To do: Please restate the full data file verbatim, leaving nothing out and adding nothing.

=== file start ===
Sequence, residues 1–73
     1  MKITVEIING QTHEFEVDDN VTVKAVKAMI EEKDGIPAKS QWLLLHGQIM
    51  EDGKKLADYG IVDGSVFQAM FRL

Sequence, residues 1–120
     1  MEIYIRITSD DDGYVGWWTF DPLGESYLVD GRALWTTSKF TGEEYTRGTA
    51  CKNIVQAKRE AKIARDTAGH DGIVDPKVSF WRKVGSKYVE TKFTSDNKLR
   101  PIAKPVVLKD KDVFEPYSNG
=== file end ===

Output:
Sequence, residues 1–73
     1  MKITVEIING QTHEFEVDDN VTVKAVKAMI EEKDGIPAKS QWLLLHGQIM
    51  EDGKKLADYG IVDGSVFQAM FRL

Sequence, residues 1–120
     1  MEIYIRITSD DDGYVGWWTF DPLGESYLVD GRALWTTSKF TGEEYTRGTA
    51  CKNIVQAKRE AKIARDTAGH DGIVDPKVSF WRKVGSKYVE TKFTSDNKLR
   101  PIAKPVVLKD KDVFEPYSNG